And as things began to go wrong it was at first hard to identify any particular reason.  It was more like the beginning of an avalanche: a small trickle of errors that eventually resulted in a massive, unstoppable rush to financial ruin.

Perhaps the first error involved the people (and there were several) he hired to help him run the business.  While the son was reasonably well-informed about the stock, his part-time assistants were not.  They knew next to nothing about what books were on hand and weren't able to offer useful information to help potential customers find what they were looking for.  If someone was looking for Hornblower books by C.S. Forester, they weren't able to also recommend Patrick O’Brian's (Richard Patrick Russ) novels related to Britain’s naval wars during the Napoleonic period.  It wasn't enough to hire pleasant individuals (and, with one exception, they were): they were six volt bulbs in a 120 volt circuit.

Two problems, however, were increasingly obvious: the son began accumulating a great amount of stock…. lots… and lots of stock and most of it of doubtful value.  Even though he did donate a great deal to various charities, the aisles became cluttered with boxes of nearly useless and unsaleable books.  The “shipshape and Bristol fashion” attitude of the father gave way to a sense of dereliction, if not indifference.  To reach the rear exit door, one had to literally maneuver around a dozen crates of pure rubbish.  More and more paperbacks books began to fill the shelves. True, they were inexpensive and certainly they didn't even hint to the fact that the premises had once been a very upmarket book store.

What probably sealed the store’s fate, however, was the son’s decision to begin bringing in vintage guitar amplifiers… along with some guitars.  Even though the son was an accomplished musician (and like many such talented individuals, earned very little for his efforts) this was not what his regular customers were looking for.  They didn't want to wade through a half dozen amplifiers before getting to the book shelves.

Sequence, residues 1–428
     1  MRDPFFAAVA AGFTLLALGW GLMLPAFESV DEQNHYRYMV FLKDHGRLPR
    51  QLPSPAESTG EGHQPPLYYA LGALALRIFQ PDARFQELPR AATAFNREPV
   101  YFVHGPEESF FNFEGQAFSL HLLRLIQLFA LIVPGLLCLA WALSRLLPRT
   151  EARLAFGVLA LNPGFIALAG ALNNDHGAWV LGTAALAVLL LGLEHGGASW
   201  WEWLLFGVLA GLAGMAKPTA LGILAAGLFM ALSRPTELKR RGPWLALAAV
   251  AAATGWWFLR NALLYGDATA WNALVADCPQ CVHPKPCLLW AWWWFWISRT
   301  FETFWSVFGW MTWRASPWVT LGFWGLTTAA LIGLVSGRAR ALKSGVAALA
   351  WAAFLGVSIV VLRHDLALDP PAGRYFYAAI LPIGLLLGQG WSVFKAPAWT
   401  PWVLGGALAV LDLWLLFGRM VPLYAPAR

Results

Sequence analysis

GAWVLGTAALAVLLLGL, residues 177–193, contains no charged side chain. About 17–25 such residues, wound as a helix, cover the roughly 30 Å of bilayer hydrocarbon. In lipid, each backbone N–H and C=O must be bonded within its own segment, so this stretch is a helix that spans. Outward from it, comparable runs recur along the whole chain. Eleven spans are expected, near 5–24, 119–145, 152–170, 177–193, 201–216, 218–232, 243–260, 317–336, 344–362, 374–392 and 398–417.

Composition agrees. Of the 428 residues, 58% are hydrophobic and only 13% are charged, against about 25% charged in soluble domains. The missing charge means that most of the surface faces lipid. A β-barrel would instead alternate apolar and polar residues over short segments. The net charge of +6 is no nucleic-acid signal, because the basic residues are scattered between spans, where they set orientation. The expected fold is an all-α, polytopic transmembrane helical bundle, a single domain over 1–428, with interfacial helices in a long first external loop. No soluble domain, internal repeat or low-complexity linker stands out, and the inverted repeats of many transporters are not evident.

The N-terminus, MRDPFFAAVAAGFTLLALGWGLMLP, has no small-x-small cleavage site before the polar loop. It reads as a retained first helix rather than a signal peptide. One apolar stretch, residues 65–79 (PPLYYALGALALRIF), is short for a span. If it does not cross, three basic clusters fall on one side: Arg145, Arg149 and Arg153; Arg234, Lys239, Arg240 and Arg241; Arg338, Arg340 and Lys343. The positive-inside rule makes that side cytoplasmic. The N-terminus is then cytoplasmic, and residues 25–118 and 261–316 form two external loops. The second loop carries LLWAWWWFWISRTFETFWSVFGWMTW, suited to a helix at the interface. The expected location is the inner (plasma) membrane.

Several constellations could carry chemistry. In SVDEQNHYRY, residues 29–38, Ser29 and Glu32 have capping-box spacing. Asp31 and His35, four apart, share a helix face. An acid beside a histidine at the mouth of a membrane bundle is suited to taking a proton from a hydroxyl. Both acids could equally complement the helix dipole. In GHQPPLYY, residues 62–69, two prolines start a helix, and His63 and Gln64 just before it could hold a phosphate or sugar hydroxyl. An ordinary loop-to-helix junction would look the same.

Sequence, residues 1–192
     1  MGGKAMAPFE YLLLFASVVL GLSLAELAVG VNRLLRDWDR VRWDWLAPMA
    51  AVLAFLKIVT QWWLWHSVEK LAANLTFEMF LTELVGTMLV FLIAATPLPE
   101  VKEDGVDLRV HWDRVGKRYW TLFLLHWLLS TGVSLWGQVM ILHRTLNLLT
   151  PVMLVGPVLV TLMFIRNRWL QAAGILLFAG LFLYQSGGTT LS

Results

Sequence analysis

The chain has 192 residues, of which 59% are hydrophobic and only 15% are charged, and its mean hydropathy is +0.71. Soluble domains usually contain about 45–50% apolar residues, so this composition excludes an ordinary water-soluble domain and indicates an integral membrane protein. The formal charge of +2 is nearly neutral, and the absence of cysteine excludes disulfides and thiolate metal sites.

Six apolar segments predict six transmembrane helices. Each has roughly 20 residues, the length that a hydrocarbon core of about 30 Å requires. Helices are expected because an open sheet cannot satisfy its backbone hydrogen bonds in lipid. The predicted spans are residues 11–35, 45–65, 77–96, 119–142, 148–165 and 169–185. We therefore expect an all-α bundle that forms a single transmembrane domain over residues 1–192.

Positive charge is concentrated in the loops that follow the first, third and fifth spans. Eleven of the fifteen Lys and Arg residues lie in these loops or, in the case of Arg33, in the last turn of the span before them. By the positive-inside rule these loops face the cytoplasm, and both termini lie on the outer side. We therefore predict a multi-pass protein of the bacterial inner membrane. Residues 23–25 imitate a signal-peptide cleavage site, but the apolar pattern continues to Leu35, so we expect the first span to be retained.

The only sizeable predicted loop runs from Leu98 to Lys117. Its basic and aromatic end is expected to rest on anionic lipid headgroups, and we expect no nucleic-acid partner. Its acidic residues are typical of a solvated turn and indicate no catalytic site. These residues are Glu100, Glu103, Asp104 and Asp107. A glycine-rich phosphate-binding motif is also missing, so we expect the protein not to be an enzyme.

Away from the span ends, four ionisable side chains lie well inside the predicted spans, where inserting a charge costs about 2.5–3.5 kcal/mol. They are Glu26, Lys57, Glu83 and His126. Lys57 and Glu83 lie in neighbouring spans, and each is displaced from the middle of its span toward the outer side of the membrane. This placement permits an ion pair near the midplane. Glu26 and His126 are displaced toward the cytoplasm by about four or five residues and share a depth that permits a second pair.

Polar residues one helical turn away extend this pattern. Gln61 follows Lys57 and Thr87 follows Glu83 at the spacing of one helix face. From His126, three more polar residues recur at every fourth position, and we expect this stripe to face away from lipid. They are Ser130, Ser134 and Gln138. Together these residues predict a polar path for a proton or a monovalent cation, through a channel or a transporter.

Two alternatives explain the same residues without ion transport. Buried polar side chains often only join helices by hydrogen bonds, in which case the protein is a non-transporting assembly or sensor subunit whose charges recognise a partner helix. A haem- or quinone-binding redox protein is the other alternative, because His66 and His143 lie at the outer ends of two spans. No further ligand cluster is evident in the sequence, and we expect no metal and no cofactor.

Within three years, the store’s gross income fell from more than $200,000 to under $100,000. The following year, gross sales had dropped to under $50,000.  By the fifth year, the son was unable to pay the monthly lease of $3000.  One can certainly argue that the internet had taken a toll on business.  On the other hand, most of his original clientele were well-heeled and prominent individuals who could afford to purchase good books and liked to have them on display.  To make an analogy, it was like habitues of the fine dining scene gradually watching their favorite restaurant turn into a second-rate fast food operation.  And they stayed away in droves.

Last year, he recognized that all was lost and sold his stock to a company that paid him pennies on the dollar for the books.  The son now works in the U.S. Park Service library to which he had, with fine irony, donated books in the past.

I am not at all certain what, if any, conclusion may be derived from the above.  After all, even highly competent and energetic individuals fall on their faces from time to time.  Perhaps this should be the lesson: indifference is not a successful marketing plan.  And don’t fix what ain’t broken…


Michael M. Pixley served for 22 years as a Foreign Service Officer in the U.S. Department of State, with 17 of those years overseas, primarily in Turkey and Iraq. He began his second career as a bookseller (Eastern Approaches Books, Annapolis MD) in 1999, specializing in the Middle East.